How long could a person survive in space without a spacesuit?

Astronaut on a black background hovering in an outer space.
Suit up! (Image credit: Ignatiev via Getty Images)

Many of us have dreamed of going into space. Perhaps you've imagined what it would be like to visit the International Space Station or even explore new worlds. But traveling in space brings a whole set of challenges and hostile environments, so it's vital to recreate the conditions on Earth that have allowed life to evolve and flourish.

Spacesuits allow astronauts to venture outside their spacecraft for short periods, by providing the air, water, pressure and physical protection needed for a human to survive. But what would happen without one of these advanced suits?

Sci-fi movies and shows, including "2001: A Space Odyssey" and "The Expanse," have portrayed astronauts suffering — and surviving — short exposures to outer space without a spacesuit, while others have depicted a range of grizzly deaths. 

But here in the real world, how long could a person survive if thrust into the harsh vacuum of outer space? The short answer is, not very long. 

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"Within a very short time, a matter of 10 to 15 seconds, you will become unconscious because of a lack of oxygen," according to Stefaan de Mey, a senior strategy officer at the European Space Agency (ESA) charged with coordinating the strategy area for human and robotic exploration.

That may seem like a very short time, but it's because you would not want to hold your breath before being thrust into outer space. In the dark void of space, the oxygen that sustains us would become a serious problem.

Astronaut Ed White floats in the microgravity of space outside the Gemini IV spacecraft. (Image credit: NASA/Jim McDivitt)

"The oxygen starts expanding and rupturing your lungs, tearing them apart — and that would cause boiling and bubbling of your blood, which immediately will cause embolism and have a fatal impact on your body," de Mey said.

Divers face a similar danger when the water pressure decreases as they ascend from the depths. Before entering space unprotected, you'd need to empty your lungs as much as possible. The complete lack of pressure also causes other, though less immediately, deadly issues.

Bodily fluids, such as saliva and tears, would begin to boil. A human body would also expand, but the skin would be elastic enough to cope with the pressure change, de Mey said, adding that horrific movie portrayals of exploding humans are not accurate.

In the best-case scenario, you'd have a few seconds before the oxygen in your bloodstream would be used up, causing you to pass out. Because you'd be unable to alter your dire situation, brain death would follow within minutes, unless you were rescued and brought back to the safety of the pressurized, oxygen-rich environment of a spacecraft and resuscitated.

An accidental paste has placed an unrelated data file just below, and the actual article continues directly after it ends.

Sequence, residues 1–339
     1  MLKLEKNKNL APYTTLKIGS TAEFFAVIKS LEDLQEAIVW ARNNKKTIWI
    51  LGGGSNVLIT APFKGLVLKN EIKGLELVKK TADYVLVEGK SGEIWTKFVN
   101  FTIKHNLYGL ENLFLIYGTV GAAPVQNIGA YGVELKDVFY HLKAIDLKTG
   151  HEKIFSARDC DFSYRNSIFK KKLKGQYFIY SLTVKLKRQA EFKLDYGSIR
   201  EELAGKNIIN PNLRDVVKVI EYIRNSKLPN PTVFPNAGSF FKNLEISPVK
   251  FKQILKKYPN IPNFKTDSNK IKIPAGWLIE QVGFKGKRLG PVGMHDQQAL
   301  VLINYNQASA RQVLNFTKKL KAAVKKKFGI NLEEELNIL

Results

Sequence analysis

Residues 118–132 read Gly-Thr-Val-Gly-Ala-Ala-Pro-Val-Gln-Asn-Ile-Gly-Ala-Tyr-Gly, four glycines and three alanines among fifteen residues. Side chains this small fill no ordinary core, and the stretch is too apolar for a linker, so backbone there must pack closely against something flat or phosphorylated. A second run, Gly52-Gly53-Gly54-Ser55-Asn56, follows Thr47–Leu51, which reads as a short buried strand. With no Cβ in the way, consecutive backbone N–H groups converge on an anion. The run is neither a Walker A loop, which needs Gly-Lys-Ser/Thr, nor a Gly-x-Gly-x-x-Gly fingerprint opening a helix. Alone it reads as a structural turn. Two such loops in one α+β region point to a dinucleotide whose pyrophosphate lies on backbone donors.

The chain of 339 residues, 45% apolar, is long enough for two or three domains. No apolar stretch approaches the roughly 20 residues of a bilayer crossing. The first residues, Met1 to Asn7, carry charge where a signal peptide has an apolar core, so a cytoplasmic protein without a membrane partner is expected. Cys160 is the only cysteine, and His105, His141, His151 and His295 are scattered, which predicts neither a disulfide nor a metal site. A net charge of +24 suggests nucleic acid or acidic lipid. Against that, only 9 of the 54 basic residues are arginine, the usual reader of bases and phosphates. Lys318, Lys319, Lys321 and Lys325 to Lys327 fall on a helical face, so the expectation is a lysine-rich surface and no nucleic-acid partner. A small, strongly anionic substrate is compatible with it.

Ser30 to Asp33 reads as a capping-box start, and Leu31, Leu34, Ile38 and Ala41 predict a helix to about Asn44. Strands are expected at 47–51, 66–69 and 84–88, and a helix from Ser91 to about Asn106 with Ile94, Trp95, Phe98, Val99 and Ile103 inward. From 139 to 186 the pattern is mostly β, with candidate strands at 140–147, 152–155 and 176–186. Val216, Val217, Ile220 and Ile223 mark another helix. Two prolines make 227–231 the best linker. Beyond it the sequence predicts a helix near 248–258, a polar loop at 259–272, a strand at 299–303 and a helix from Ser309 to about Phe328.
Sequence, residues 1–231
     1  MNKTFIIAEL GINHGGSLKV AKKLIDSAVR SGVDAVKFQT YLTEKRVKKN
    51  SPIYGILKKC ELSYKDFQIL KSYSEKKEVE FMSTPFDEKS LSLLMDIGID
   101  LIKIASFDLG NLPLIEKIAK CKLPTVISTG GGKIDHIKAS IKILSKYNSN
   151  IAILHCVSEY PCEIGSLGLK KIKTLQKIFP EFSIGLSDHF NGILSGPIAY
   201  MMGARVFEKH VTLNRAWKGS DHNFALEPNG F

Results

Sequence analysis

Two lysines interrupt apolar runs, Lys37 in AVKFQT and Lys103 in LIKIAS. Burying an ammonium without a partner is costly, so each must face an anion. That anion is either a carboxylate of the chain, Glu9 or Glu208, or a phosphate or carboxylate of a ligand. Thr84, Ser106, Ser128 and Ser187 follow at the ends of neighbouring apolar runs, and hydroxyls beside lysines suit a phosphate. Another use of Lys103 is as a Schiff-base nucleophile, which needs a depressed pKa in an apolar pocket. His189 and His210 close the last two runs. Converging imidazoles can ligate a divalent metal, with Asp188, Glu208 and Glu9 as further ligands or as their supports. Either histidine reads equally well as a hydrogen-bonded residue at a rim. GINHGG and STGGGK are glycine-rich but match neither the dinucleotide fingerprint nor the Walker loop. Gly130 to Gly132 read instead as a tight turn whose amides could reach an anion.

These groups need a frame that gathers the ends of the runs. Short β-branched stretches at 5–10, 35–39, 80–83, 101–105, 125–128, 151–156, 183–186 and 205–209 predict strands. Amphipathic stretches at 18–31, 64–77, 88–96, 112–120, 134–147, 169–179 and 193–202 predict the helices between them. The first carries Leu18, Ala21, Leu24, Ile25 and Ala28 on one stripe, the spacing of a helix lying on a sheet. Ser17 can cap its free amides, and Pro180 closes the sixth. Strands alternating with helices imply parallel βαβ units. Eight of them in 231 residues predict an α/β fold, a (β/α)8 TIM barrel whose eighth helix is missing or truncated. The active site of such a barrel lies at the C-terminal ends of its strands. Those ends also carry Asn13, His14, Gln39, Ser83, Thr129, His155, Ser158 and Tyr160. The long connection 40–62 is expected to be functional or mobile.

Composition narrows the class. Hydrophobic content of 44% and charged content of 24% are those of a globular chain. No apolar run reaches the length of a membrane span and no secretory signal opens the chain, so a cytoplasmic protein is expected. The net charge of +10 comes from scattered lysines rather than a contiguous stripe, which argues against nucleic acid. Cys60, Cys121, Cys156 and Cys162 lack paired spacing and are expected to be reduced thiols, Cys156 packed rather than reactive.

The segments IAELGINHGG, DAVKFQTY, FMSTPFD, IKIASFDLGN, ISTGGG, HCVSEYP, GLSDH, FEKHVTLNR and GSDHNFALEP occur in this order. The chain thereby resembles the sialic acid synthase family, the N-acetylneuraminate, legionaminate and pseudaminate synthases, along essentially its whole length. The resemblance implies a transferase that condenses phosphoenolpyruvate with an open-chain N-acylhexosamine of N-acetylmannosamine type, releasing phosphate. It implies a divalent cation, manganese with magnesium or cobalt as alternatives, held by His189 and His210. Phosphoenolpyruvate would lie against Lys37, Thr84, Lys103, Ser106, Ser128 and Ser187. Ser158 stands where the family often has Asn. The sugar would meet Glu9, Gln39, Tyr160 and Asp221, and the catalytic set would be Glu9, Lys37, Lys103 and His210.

In addition to providing vital oxygen and pressurization, spacesuits also shield astronauts from other dangers and harm.

NASA astronaut Stephen Bowen (right) and UAE astronaut Sultan AlNeyadi work on an antenna assembly as the Earth and moon hang overhead outside the International Space Station. (Image credit: NASA TV)

"There is a temperature problem and radiation and micrometeoroid threats," de Mey said. "So spacesuits are designed to provide physical protection of the astronauts in outer space."

Whether an astronaut is in sunlight or shaded from the sun, they would experience extreme temperatures, ranging from minus 240 to 250 degrees Fahrenheit (minus 150 to 120 degrees Celsius) in low Earth orbit (LEO). These conditions would cause burns or freezing, though not immediately in the latter case, as body heat is not easily conducted away in a vacuum.

Spacesuits also protect from various types of radiation. In LEO, there is protection from some forms of radiation. Prolonged or long-term exposure to electromagnetic radiation from the sun would cause health issues, including radiation sickness and an increased risk of cancer. UV light would also burn the skin. The added misfortune of particles from a solar flare reaching the astronaut at the time they were exposed in space would exacerbate many of these issues.

Micrometeoroids and space debris pose another danger. These travel at a rate of a few or tens of kilometers per second and are a threat to satellites, spacecraft and astronauts conducting extravehicular activities (EVAs), or spacewalks. Though extremely unlikely to affect an unprotected astronaut's chances of survival given the astronomically tiny chances of being hit during a short time in space, spacesuits are designed with multiple layers to help protect astronauts from any possible micrometeoroids or space debris whizzing around in orbit.

Being in space without an EVA suit becomes very deadly — very, very quickly. While someone could survive this grim scenario, they would want to have very little air in their lungs and get back to the safety of a pressurized spacecraft within seconds — or hope to be rescued and resuscitated within minutes.

Originally posted on

Andrew Jones

Andrew is a freelance space journalist with a focus on reporting on China's rapidly growing space sector. He began writing for Live Science sister site in 2019, and he also writes for SpaceNews, IEEE Spectrum, National Geographic, Sky & Telescope, New Scientist and others. Andrew first caught the space bug when, as a youngster, he saw Voyager images of other worlds in our solar system for the first time. Away from space, Andrew enjoys trail running in the forests of Finland.